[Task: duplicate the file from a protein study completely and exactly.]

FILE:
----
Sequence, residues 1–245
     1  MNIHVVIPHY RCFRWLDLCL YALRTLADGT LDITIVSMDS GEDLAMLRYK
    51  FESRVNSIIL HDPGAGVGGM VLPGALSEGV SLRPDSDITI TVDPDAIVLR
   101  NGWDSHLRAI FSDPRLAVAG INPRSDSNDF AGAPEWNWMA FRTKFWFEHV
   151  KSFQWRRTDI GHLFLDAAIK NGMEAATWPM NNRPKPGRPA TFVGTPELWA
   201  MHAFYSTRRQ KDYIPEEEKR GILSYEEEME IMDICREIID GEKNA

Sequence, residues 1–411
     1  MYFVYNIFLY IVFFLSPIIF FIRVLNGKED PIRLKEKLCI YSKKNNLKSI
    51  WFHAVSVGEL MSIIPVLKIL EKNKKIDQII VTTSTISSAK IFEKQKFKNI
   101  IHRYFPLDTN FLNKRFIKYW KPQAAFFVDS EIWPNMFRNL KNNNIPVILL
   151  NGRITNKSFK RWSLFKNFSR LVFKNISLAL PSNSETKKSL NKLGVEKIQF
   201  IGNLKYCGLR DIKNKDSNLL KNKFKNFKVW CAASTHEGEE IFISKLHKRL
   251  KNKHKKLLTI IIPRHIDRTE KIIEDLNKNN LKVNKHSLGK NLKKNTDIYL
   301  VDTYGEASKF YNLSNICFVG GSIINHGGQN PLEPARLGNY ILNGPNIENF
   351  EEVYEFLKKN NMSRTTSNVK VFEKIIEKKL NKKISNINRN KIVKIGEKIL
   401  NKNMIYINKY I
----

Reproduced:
Sequence, residues 1–245
     1  MNIHVVIPHY RCFRWLDLCL YALRTLADGT LDITIVSMDS GEDLAMLRYK
    51  FESRVNSIIL HDPGAGVGGM VLPGALSEGV SLRPDSDITI TVDPDAIVLR
   101  NGWDSHLRAI FSDPRLAVAG INPRSDSNDF AGAPEWNWMA FRTKFWFEHV
   151  KSFQWRRTDI GHLFLDAAIK NGMEAATWPM NNRPKPGRPA TFVGTPELWA
   201  MHAFYSTRRQ KDYIPEEEKR GILSYEEEME IMDICREIID GEKNA

Sequence, residues 1–411
     1  MYFVYNIFLY IVFFLSPIIF FIRVLNGKED PIRLKEKLCI YSKKNNLKSI
    51  WFHAVSVGEL MSIIPVLKIL EKNKKIDQII VTTSTISSAK IFEKQKFKNI
   101  IHRYFPLDTN FLNKRFIKYW KPQAAFFVDS EIWPNMFRNL KNNNIPVILL
   151  NGRITNKSFK RWSLFKNFSR LVFKNISLAL PSNSETKKSL NKLGVEKIQF
   201  IGNLKYCGLR DIKNKDSNLL KNKFKNFKVW CAASTHEGEE IFISKLHKRL
   251  KNKHKKLLTI IIPRHIDRTE KIIEDLNKNN LKVNKHSLGK NLKKNTDIYL
   301  VDTYGEASKF YNLSNICFVG GSIINHGGQN PLEPARLGNY ILNGPNIENF
   351  EEVYEFLKKN NMSRTTSNVK VFEKIIEKKL NKKISNINRN KIVKIGEKIL
   401  NKNMIYINKY I